"I have the honor to bring this to your notice and beg you to kindly instruct your outposts accordingly in order to avoid misunderstandings.
Please state receipt of this notice."
I have etc. etc.
(Sgt.) E. Haber.
The above letter was duly acknowledged and a half-Company of Infantry left at Toma to conduct these troops to Herbertshohe on surrender.
That terms of surrender were concluded before this force arrived from Kaiser Wilhelmsland was most opportune, as with this accession of strength the resistance of the enemy in this class of country would have been formidable and most difficult to overcome, and I am positively certain terms would not have been arranged so promptly had the "Honours of War" not been conceded.
Clause 4 provides that upon the Governor giving his parole to take no further part directly or indirectly in the present war, no obstacle will be placed in the way of his returning to Germany. But he distinctly understands that whether he gives his parole or not he is to be deported to Australia and no assurance or promise has been given him that his departure thence to Germanyill be in any way facilitated. On the contrary he was informed, and he distinctly understands, that he will most likely be detained in Australia for some considerable time. Moreover, it is doubtful whether he will accept the alternative of giving parole, in which case the condition as to his returning to Germany is a dead letter.
The Governor is not a Soldier, and has had no military training whatever; he is purely a Civil Administrative Official.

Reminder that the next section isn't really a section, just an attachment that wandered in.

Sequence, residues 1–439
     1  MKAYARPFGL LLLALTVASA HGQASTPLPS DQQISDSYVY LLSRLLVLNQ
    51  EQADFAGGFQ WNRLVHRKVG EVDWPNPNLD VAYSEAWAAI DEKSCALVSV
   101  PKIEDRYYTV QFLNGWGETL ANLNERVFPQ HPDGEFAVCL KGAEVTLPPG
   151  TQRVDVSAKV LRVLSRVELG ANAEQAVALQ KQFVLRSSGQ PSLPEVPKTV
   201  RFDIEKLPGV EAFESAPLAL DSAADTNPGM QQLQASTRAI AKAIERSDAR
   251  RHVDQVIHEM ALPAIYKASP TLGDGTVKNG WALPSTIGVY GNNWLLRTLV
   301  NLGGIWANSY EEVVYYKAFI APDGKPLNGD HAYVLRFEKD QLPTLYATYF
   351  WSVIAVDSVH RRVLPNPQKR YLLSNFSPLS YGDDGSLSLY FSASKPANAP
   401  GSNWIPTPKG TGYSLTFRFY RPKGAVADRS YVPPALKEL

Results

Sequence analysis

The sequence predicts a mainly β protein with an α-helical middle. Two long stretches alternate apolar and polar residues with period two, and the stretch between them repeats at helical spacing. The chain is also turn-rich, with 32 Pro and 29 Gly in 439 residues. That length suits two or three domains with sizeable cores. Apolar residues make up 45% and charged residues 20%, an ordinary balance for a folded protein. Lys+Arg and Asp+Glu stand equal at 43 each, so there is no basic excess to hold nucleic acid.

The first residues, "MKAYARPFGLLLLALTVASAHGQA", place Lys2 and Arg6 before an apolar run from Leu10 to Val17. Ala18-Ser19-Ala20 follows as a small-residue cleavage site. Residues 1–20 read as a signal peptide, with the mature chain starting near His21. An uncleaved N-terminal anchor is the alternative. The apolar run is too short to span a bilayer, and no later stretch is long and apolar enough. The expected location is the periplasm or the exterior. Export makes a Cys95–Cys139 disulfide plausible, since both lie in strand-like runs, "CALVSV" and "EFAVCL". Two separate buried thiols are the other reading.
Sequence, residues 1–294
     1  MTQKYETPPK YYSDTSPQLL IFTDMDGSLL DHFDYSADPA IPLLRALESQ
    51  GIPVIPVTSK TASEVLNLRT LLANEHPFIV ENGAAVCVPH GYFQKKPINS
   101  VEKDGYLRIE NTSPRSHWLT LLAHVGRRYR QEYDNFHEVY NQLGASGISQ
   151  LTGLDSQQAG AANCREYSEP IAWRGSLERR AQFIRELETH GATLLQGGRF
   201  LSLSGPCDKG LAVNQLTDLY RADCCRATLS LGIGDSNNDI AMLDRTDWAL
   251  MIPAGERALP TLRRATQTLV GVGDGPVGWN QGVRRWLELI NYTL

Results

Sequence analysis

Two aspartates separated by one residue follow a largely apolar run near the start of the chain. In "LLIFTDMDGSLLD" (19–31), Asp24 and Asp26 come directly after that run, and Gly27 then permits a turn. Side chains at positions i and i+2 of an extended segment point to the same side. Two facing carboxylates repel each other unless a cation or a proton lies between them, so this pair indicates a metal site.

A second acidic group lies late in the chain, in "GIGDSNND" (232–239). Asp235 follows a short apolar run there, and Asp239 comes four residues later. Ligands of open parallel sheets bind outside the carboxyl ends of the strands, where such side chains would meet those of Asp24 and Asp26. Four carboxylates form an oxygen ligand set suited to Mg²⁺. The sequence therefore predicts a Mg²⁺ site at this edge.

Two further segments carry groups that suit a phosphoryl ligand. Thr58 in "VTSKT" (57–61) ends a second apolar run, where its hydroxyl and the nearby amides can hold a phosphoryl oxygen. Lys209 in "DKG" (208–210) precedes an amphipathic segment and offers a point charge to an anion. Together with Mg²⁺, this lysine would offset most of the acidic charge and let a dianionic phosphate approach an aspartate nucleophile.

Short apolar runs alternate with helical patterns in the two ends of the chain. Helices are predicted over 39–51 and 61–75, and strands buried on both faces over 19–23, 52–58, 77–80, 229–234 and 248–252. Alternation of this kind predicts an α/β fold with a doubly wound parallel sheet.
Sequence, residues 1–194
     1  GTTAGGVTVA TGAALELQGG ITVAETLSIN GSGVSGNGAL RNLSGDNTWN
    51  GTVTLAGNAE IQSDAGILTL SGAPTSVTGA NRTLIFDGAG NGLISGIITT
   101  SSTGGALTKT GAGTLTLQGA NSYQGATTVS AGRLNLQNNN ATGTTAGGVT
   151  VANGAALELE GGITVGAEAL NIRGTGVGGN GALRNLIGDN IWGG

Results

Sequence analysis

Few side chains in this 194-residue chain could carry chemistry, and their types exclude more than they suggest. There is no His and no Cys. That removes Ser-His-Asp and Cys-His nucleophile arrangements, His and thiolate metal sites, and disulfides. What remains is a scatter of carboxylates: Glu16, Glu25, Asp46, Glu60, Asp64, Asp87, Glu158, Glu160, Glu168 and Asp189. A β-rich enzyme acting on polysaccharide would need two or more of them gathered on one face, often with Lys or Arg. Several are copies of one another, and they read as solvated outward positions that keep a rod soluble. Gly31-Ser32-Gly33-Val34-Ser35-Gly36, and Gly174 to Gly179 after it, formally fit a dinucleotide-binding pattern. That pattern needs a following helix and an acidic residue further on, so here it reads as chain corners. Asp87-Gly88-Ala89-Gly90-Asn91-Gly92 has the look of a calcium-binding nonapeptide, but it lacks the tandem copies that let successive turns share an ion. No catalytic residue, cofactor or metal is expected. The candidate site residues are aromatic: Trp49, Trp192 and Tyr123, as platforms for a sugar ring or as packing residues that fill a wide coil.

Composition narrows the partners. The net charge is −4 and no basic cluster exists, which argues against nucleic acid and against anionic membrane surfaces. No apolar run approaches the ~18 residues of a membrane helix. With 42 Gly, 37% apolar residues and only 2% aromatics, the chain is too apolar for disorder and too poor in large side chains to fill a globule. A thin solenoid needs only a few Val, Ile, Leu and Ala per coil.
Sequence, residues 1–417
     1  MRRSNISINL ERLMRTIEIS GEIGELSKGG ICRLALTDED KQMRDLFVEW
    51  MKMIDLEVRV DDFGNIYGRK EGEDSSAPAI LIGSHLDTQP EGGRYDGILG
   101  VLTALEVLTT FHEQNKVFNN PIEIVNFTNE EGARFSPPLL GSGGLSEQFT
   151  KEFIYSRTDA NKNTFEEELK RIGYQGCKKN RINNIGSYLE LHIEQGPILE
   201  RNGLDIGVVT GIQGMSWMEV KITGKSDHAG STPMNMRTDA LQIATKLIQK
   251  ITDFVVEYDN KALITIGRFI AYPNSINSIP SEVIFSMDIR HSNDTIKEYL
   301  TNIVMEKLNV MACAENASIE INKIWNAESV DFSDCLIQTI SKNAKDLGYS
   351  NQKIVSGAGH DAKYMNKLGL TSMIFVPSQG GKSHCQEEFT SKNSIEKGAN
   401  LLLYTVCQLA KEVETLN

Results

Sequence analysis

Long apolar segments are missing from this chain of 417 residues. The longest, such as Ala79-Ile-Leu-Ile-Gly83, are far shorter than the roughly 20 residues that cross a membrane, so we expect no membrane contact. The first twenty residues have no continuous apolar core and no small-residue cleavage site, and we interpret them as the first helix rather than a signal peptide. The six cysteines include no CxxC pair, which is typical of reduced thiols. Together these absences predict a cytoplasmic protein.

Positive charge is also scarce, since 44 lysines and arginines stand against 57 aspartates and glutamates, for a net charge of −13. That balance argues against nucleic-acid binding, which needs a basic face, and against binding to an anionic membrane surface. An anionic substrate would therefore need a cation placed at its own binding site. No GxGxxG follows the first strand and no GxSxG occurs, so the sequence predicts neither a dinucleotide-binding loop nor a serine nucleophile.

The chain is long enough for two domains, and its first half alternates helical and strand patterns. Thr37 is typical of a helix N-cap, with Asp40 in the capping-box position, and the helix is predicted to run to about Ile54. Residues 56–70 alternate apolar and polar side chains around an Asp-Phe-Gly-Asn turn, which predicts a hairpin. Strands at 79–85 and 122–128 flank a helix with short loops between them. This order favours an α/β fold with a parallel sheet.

Clauses 5 and 6 deal with Officers, N.C.Os and Men who have been captured or who have surrendered as prisoners of war, and provides for Officers of the Regular German Army, of whom there are 2 sent here about 5 months ago to organise the defence of the Colony, viz. Captain Von Klewitz and Lieut. Mayer, being detained as prisoners of war, and they will be sent to Australia first opportunity. The remainder, whose ordinary occupation is Civil, on their taking the oath of neutrality to be released and allowed to return to their homes and ordinary avocations, except where such avocations are Official.
In this matter I was guided by the fact that large numbers of the white population who were with the forces in the field, are men owning and working their plantations, in some cases many miles away in isolated localities. If these men were deported, their wives and families and their plantations would be left to the mercy of the Kanakas and other native races, and the result would be most disastrous, as untold damage would be done in a short while which could not be remedied for a years, if at all. Here again I kept steadily in view the future of the place under British rule, and I am perfectly satisfied the clemency extended and appreciated and will bear good fruit. In other cases the men were engaged in stores in the towns of Rabaul and Herbertshohe and they have now peacefully resumed their duties, which will help to speedily restore normal conditions of Trade and Commerce.